Meier's suicide has been attributed to cyber-bullying through an account on the social networking website Myspace. The account, purportedly belonging to a 16-year old boy named Josh Evans, was created and monitored by the mother of a friend of Meier's, who a police report identified as Lori Drew. The case has caused several jurisdictions to consider legislation prohibiting harassment over the internet.
Meier was active in several activities, including swimming, boating, and fishing. She had been diagnosed with attention deficit disorder and depression, and considered herself overweight. Meier had been under a therapist's care as a result of suicidal thoughts. She was described as being a "bubbly, goofy" girl who enjoyed spending time with her friends and parents.
Soon after opening an account on Myspace, Meier received a message from a boy named "Josh Evans." "Evans" said he was 16 years old and Meier thought he was attractive. Meier began to exchange messages with Evans, and was described by family as having had her "spirits lifted". He claimed that he had just moved to the nearby town of O'Fallon, was homeschooled, and did not yet have a phone number.
On October 16, 2006, the tone of "Evans"s messages changed, culminating in a message sent to Megan that ended with "The world would be a better place without you." Meier was found twenty minutes later, hanging by the neck in a closet. Despite attempts to revive her, she was pronounced dead the following day.
Six weeks after her death, Megan Meier's parents were informed that the mother of one of their daughter's friends - with whom Megan had had a falling out - had created the "Josh Evans" account. The parent, Lori Drew, who created the account was quoted at length in a police report soon after the Meiers' discovery of her role in their daughter's death. The parent admitted that she and her daughter had the password to the account, and characterized the hoax to a reporter as a "joke", though she claimed to police that the account was aimed at "gaining Megan's confidence and finding out what Megan felt about her daughter and other people". No criminal charges have been filed in relation to the hoax.
According to Megan's parents, the parent who created the MySpace account recently told the Meiers to "Give it a rest." whenever they have discussed the matter with her. The parent's name has been excluded from most news stories, but her name was disclosed on many blogs and by CNN when they included a copy of the police report on their broadcast of this story.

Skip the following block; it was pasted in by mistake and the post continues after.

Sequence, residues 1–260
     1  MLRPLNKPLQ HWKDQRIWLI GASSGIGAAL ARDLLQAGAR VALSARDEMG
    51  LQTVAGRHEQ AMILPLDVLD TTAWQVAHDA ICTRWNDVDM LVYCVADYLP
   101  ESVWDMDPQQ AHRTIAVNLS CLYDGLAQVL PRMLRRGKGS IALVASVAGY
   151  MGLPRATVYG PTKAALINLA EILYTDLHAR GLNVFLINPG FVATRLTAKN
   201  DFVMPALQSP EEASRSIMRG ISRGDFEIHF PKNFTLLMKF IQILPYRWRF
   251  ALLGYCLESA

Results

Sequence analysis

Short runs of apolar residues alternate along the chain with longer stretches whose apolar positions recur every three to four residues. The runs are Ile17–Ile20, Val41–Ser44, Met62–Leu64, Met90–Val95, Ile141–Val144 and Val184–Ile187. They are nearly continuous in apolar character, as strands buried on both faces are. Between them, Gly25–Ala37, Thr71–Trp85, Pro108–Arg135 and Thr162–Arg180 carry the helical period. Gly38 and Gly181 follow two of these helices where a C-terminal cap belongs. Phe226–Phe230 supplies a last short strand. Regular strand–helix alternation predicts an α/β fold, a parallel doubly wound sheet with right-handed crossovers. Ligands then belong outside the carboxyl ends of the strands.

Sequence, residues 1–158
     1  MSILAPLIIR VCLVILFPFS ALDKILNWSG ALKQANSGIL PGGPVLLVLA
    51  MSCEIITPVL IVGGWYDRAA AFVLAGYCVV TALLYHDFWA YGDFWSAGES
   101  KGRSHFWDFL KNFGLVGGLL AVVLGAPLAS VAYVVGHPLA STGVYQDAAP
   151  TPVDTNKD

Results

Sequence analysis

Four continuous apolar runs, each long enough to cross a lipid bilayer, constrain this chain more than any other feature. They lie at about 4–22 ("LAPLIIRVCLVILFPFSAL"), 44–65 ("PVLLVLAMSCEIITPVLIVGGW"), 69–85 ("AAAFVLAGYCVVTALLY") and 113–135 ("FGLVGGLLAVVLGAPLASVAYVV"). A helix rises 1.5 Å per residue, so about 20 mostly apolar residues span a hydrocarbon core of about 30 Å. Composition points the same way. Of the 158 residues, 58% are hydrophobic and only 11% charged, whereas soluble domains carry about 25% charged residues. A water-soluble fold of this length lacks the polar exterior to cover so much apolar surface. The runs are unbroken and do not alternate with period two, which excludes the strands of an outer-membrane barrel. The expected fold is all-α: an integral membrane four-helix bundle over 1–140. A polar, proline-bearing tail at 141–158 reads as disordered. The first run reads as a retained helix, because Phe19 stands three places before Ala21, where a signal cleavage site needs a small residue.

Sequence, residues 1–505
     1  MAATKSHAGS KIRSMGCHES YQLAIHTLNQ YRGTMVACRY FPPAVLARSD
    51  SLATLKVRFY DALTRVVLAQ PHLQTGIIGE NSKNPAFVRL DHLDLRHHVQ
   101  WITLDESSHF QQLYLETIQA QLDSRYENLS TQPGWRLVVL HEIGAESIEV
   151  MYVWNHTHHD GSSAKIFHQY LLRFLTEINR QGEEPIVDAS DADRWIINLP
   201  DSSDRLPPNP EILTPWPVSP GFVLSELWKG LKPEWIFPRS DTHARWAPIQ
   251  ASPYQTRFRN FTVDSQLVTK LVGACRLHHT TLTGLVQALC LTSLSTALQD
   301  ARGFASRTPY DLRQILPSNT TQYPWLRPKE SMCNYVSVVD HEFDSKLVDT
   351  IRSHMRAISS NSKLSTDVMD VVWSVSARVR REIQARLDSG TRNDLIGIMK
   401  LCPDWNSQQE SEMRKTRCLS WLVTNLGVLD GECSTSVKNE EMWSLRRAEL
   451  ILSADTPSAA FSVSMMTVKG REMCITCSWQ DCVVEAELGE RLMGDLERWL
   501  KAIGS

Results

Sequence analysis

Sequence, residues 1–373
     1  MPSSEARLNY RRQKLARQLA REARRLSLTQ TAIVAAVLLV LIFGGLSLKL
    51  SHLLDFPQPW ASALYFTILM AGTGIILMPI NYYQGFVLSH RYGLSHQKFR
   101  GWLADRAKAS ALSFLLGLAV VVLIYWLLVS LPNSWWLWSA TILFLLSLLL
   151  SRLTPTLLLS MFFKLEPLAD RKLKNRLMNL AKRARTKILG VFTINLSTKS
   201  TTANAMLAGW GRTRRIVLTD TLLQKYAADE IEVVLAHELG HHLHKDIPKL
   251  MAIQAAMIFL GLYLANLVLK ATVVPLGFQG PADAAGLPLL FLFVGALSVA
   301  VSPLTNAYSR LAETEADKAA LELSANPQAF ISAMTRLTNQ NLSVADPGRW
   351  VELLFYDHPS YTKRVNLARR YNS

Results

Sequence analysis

Reaction to news story
Megan's story was first reported in the St. Louis Suburban Journal. When the story first appeared, reader comments focused on Lori and Curt Drew who had posed as Josh. Later, the focus was on the St. Louis Suburban Journal's decision not to print the name of the Drews who were responsible for the hoax. The reporter stated in an interview that the names were withheld out of concern for the minor child of the hoaxer. Within days, the identity of the perpetrator, Lori Drew, was revealed by angry bloggers. The Drews were targeted with vandalism, prank phone calls, paintball attacks and a "prank" call to the local police which led to "as many as 15 deputies [drawing] weapons and [charging] the home of Lori and Curt Drew," the people identified as the hoaxers. Due to the vehement public reaction, police added additional patrols to the neighborhood, and the Drews have installed a security camera.
1. ^ a b c d e f g h Steve Pokin. "'My Space' hoax ends with suicide of Dardenne Prairie teen", St. Louis Post-Dispatch, 2007-11-11. Retrieved on 2007-11-16.
2. ^ a b David Hunn and Joel Currier. "Law lags as taunts ruin lives", St. Louis Post-Dispatch, 2007-11-19. Retrieved on 2007-11-19.
3. ^ Steve Pokin. "FOLLOW UP: Dardenne Prairie officials plan to make cyberspace harassment a crime", St. Louis Post-Dispatch, 2007-11-15. Retrieved on 2007-11-16.
4. ^ a b "Parents say fake online 'friend' led to girl's suicide", Cable News Network, 2007-11-17. Retrieved on 2007-11-17.
5. ^ a b Teresa Woodard. "Prosecutor to Review MySpace Suicide", Fox 2 News, St. Louis. Retrieved on 2007-11-16.
6. ^ Teresa Woodard. "Desperate Fight To Save Internet Suicide Victim", Fox 2 News, St. Louis. Retrieved on 2007-11-17.
7. ^ a b "Deadly Cyberbullying", CNN Video, 2007-11-17. Retrieved on 2007-11-17.
8. ^ Who Deserves Anonymity?. Gelf Magazine (2007-11-16). Retrieved on 2007-11-17.
9. ^ Woman linked to teen girl's suicide 'outed'. news.com.au (2007-11-19). Retrieved on 2007-11-19.
10. ^ "Net hoax turns deadly, turns town against neighbors", Chicago Tribune. Retrieved on 2007-11-17.
Retrieved from "http://en.wikipedia.org/wiki/Megan_Meie
It's a damn good job I don't live in the USA sometimes. I'd probably be in jail right now after shooting this abomination in the shape of a human.
Lori Drew - you deserve nothing less than a lifetime of agony for this sickening act of sheer unadulterated evil. I'll be happy when Karma catches up to you and destroys you like you destroyed her.
***EDIT*** - Anon commenter - If I'd wanted to include that info, I would've done so. It's widely available elsewhere and the advertising businesses didn't know about this until very recently - they are innocent.